A climate advocacy group in the Town of the Blue Mountains (TBM) is asking the local farmers’ market to do away with single-use plastic.
“Climate Action Now Network (CANN) is trying to help reduce the town’s carbon footprint. While TBM is in the process of doing big things by updating its official plan and going through the process of becoming more sustainable, we want to help make small changes, which can add up to reductions in our CO2 emissions,” said Kim Harris, member of CANN.
CANN recently sent correspondence to TBM council in an effort to see the local farmers’ market, which uses town-owned land, reduce its use of single-use plastic.
“Since the weekly market is held on municipal property it seems to CANN members that it would be reasonable to request some accommodations to the climate emergency the town has declared. It would also be in keeping with the current ban on single-use plastics in town facilities. For this reason, we ask that the farmers’ market be declared a plastic-free zone,” stated the correspondence.
In 2020, TBM implemented a “voluntary ban” on single-use plastics on town-owned properties.
A voluntary ban is basically a request from the town to all stakeholders including the business community, residents and visitors to consider opportunities for the reduction of single-use plastic wherever possible.
This resolution does not mean that the town is prescriptively banning the use of single-use plastics. In addition, this statement does not require local businesses to eliminate single-use plastics from their operations, however it encourages local businesses to continue their commitment to sustainable environmental initiatives.
Ron Barnett, manager of the Thornbury and Flesherton farmers’ markets said this request is likely something that will have to wait until next season.
“To put an immediate ban on single-use plastics would be an unreasonable thing to implement in the middle of the season,” Barnett said.
“Many vendors have already switched to paper packaging and bag alternatives. But others will phase out their use this year, as some have already bought their supplies in bulk at the beginning of the season,” he continued.
The CANN group says that many baked goods at the market are currently packaged in plastic, which they would like to see be sold in compostable cardboard boxes or paper bags, “instead of plastic that will be in our landfill for up to 500 years.”
“Produce can easily be put right into reusable bags people bring themselves, as is now done at our local Foodland. To help make this transition, CANN will provide a box of recycled, reusable bags that may be taken for free,” the group noted.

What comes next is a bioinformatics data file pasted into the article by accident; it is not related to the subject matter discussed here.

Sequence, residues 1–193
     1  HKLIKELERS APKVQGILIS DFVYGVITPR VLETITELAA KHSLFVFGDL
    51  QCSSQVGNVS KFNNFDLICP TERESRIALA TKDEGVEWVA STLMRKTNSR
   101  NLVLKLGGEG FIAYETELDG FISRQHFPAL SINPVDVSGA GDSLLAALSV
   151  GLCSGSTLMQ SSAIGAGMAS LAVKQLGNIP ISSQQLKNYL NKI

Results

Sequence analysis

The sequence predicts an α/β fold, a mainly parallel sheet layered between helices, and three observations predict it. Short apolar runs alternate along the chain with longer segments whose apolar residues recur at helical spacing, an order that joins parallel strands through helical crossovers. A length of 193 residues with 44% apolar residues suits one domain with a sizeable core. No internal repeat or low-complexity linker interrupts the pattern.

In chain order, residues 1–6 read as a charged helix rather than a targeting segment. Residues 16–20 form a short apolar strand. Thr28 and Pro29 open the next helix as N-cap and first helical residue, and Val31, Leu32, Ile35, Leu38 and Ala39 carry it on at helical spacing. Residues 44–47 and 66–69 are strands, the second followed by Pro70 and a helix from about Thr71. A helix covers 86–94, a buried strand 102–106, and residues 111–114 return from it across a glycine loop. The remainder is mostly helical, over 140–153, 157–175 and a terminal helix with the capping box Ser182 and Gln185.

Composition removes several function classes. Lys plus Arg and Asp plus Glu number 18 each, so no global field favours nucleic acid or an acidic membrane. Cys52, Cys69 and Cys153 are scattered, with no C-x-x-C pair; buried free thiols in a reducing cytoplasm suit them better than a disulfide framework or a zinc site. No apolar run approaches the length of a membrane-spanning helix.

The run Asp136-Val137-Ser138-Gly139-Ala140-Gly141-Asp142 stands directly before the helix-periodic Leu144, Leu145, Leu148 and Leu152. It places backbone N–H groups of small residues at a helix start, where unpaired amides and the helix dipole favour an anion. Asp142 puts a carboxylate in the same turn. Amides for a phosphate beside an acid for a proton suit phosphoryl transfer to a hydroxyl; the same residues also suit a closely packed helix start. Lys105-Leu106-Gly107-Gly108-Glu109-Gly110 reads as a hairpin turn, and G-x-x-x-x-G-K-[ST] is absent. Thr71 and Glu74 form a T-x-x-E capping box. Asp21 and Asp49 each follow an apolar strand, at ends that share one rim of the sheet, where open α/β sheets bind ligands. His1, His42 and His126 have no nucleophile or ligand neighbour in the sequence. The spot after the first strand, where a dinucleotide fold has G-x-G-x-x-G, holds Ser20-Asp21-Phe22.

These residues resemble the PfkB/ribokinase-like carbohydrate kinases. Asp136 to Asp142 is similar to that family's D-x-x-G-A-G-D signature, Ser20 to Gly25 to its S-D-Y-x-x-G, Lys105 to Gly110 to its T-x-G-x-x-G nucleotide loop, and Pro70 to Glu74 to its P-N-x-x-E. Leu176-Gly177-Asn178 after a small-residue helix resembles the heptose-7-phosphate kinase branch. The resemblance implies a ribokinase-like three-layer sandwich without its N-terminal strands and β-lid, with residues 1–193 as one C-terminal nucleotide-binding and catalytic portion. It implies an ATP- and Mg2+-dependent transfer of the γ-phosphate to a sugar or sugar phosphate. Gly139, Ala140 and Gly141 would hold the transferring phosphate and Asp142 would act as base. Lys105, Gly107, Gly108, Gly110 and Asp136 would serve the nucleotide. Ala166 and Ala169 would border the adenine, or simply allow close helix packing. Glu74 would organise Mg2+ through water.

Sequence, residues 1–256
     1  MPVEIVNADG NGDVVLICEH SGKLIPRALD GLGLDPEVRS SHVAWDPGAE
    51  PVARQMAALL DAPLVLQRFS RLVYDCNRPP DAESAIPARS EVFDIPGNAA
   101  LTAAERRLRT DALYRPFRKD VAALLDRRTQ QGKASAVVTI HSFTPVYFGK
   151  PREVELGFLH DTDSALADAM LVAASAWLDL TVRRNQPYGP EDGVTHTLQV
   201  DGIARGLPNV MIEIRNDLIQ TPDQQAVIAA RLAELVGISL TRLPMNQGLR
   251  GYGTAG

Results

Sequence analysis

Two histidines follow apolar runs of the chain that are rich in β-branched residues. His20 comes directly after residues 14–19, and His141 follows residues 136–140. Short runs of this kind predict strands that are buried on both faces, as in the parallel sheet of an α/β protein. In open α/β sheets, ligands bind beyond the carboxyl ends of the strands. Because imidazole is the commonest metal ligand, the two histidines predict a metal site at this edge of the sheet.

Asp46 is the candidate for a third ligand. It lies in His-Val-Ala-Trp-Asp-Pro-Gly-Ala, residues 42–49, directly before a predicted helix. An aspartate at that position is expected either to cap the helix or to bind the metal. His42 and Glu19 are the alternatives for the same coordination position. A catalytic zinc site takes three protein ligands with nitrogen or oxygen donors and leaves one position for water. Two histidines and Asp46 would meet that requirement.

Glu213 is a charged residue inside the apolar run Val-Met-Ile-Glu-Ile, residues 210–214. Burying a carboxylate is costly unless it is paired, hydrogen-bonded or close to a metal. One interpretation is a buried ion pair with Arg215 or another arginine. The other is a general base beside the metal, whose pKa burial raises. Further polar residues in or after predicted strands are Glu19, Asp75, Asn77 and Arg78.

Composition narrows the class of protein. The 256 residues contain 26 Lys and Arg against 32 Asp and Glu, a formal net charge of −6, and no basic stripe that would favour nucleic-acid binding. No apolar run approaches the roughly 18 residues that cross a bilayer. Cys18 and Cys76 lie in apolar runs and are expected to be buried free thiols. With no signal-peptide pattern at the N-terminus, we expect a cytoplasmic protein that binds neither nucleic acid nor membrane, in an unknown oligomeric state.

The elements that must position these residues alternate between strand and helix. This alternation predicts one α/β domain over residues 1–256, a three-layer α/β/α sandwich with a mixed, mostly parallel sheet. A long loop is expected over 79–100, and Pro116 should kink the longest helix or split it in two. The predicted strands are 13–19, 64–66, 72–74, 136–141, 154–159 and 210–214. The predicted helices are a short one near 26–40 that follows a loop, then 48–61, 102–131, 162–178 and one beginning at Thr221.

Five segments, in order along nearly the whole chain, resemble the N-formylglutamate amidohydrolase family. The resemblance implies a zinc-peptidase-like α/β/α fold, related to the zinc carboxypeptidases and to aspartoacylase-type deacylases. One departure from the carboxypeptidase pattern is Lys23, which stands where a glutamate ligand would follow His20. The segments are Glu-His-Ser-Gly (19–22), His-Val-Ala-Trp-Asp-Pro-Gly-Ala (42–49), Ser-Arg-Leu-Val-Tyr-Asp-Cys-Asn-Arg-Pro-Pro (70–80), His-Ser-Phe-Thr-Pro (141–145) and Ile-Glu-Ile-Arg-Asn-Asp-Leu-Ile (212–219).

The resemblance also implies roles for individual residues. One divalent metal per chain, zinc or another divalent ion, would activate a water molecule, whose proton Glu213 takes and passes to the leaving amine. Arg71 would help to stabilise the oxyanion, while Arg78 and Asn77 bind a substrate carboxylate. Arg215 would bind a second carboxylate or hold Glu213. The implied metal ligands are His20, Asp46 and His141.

Harris says that the CANN group has not had any direct conversations with the farmers’ market vendors, but adds that the request is not intended to impose any hardship.
“We’re hoping that everyone can do their bit in trying to reduce single-use plastics in TBM. Our landfill is nearing capacity,” Harris added.
According to Catherine Clark, executive director for Farmers’ Markets Ontario, there is no overarching policy on single-use plastic at farmers markets in Ontario and regulatory decisions come from various jurisdictions, such as municipalities.
“We are not aware of any farmers’ markets not allowing plastic bags from vendors but again that would be the decision of market management if there is. Markets can decide to implement if they wish to go into that direction,” Clark said.
In terms of vendor options for suppliers, Clark again said this was something that should be sourced at a local level.
“We recommend that markets partner with local businesses to bulk purchase and/or sponsor the cost of reusable bags as an alternative,” Clark added.
Barnett concluded that he and the market vendors will do their best to reduce the use of plastic at the market this season, however any major shifts in packaging and supplies will likely not be implemented until next year.
“If we can start off next year with vendors fully aware and measures and supports in place, it shouldn’t be a big financial burden and would give everyone enough time to plan ahead,” Barnett explained. “We look forward to working with the municipality and learning about supports to help put the plan into action.”
The Thornbury Farmers’ Market runs on Sundays from 11 a.m. to 2 p.m. at the Smith Memorial Park between the TBM town hall and Beaver Valley Outreach on Highway 26.